New Focus on North’s Food Shortage
New Focus on North’s Food Shortage
By ALAN COWELL and MARK McDONALD
Published: November 24, 2010
PARIS — As outsiders from Beijing to Washington struggle to see a pattern in the secretive dynamics of the North Korean leadership, one part of the tangled puzzle seems beyond dispute: the country’s 25 million people cannot feed themselves and face acute food shortages as they have done for many years.
But that has not prevented — and indeed may have encouraged — the regime in Pyongyang in actions such as Tuesday’s shelling of a populated South Korean island or a weekend disclosure concerning what seems a new and ambitious effort to reactivate North Korea’s nuclear enrichment program.
Just last month, South Korea resumed aid shipments of rice and instant noodles for the first time since early 2008 as part of an $8.5 million package that, though largely symbolic in relation to the crushing food shortages, was seen as the result of diplomatic overtures by the North in response to its economic plight.
“It could be the starting point of a new chapter in inter-Korean relations,” Choi Jin-wook, a North Korea expert at the Korea Institute for National Unification in Seoul, said at the time.
Such hopes seem to be drowned out Tuesday by the thunder of artillery barrages.
“They’re in a desperate situation, and they want food immediately, not next year,” Mr. Choi said on Wednesday. “Food is the No. 1 issue.”
Others used harsher terms.
“This incident seems to fit the pattern of a Mafia shakedown,” said Tim Peters, a longtime resident in Seoul and head of Helping Hands Korea, an nongovernmental organization that works with North Korean defectors. “It’s a Mafia extortion by the Kim regime. And it has worked for them before: It’s the feed-us-or-we’ll-shoot-you approach. And now with winter coming on, they’re trying to get more food aid.”
“The regime wants just enough food to keep the population from turning.”
Just days before the shelling, a joint report by two United Nations agencies — the World Food Program and the Food and Agriculture Organization — said that, despite a relatively good autumn harvest, North Korea remained in acute need of food, especially for its youngest children, pregnant women and the elderly.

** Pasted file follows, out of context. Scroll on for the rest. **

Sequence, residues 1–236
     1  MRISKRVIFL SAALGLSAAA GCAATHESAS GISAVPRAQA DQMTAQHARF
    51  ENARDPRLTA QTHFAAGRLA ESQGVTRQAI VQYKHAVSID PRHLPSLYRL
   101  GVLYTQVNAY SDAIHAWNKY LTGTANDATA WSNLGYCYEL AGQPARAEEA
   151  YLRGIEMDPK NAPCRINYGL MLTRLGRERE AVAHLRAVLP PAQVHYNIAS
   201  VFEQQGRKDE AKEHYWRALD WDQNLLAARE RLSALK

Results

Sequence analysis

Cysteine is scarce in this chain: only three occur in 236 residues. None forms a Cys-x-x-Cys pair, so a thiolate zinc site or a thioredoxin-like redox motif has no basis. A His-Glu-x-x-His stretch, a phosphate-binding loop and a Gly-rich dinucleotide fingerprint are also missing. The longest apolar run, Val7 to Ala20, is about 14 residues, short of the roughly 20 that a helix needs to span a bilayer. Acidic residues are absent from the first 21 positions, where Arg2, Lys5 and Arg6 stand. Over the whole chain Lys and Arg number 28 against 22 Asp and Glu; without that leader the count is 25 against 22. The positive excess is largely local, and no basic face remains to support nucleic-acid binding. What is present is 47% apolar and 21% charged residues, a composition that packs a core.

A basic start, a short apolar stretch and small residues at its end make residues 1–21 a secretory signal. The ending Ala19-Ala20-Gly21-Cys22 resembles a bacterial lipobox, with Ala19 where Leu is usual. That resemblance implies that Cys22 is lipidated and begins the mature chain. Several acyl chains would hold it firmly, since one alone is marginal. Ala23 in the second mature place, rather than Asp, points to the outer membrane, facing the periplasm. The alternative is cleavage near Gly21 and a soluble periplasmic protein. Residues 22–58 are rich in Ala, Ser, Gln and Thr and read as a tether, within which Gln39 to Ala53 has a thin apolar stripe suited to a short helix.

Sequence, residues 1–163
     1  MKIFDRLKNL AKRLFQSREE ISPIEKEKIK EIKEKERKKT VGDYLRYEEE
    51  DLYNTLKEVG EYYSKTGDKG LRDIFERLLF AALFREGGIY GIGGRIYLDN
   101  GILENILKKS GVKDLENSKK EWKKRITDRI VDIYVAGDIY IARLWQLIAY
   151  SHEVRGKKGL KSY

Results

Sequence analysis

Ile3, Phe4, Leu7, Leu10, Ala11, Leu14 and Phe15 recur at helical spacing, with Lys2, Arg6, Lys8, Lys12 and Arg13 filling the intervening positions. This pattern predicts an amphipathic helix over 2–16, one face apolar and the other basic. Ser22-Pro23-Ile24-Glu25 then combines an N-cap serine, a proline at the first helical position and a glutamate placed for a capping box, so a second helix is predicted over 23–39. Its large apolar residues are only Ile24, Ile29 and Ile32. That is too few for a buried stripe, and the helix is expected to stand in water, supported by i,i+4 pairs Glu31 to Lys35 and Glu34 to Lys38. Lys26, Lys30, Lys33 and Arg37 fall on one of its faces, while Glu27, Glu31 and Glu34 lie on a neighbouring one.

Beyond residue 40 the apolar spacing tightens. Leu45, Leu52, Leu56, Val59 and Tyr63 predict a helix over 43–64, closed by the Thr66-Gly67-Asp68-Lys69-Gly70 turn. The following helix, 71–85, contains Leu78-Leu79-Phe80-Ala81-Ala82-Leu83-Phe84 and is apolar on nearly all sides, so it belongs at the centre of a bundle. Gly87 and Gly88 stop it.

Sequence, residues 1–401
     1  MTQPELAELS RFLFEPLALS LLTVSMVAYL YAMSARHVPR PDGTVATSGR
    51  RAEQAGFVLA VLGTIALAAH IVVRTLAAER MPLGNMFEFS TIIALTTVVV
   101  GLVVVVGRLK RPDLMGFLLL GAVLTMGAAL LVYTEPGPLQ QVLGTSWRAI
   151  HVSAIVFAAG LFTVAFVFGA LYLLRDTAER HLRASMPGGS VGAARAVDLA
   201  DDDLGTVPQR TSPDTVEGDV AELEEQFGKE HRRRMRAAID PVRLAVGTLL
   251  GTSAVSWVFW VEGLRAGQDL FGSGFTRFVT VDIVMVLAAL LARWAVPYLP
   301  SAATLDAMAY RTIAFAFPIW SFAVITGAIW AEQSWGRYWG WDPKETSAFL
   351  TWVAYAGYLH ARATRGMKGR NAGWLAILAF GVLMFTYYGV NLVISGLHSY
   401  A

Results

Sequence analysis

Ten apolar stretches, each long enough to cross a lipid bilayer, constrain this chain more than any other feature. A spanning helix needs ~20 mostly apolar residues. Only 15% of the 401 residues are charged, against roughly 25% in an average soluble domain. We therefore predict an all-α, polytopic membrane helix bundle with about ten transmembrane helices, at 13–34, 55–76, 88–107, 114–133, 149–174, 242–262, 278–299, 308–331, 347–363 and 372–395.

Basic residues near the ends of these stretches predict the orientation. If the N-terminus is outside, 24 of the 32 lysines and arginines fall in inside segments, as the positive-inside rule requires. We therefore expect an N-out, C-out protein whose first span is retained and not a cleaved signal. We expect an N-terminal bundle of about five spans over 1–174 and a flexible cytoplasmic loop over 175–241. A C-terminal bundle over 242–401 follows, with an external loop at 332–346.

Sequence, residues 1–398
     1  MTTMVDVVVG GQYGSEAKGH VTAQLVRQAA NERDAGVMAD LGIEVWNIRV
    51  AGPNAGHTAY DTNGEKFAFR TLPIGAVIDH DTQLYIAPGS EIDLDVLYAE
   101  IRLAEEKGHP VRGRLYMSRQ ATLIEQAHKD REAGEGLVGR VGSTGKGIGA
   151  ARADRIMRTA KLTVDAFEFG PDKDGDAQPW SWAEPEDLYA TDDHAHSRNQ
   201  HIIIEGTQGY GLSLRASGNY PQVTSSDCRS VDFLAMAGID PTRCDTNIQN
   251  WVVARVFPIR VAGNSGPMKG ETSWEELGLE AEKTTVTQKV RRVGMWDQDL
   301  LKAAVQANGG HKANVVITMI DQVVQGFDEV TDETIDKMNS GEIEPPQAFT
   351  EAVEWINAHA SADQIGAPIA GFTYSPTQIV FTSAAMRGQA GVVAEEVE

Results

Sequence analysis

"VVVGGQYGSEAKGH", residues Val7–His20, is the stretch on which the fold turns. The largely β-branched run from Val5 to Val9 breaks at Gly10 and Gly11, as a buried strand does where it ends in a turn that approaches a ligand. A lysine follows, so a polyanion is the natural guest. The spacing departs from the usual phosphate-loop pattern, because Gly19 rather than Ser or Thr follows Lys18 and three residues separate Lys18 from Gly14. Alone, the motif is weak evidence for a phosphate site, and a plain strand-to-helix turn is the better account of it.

Around one-fifth of the 25 million population would continue to face food shortages, the report said. So critical was the situation that North Korea was short of around half a million tons of food and government hand-outs were inadequate.
Rations provided by the government through its Public Distribution System “would likely contribute about half the daily energy requirements,” the report said, leaving many citizens to eke a living from black market food supplies or modest plots and gardens.
“A small shock in the future could trigger a severe negative impact and will be difficult to contain if these chronic deficits are not effectively managed,” said Joyce Luma, the head of the World Food Program’s Food Security Analysis Unit who was a co-leader of a mission to North Korea in September.
The report said that between now and next October, North Korea would need to import an estimated 867,000 tons of food. The government plans to buy around 325,000 tons, leaving 542,000 tons as a shortfall. The two United Nations agencies recommended providing 305,000 tons in international food assistance to the most vulnerable population.
Battered by severe floods, North Korea’s own agricultural sector — which the report called “the main contributor to the national income” — showed an increase in staple food production of only three percent in the current year compared to the previous year. The country’s main crops are unmilled rice followed by corn, potatoes, wheat and barley and soybeans.
Alan Cowell reported from Paris, and Mark McDonald from Seoul.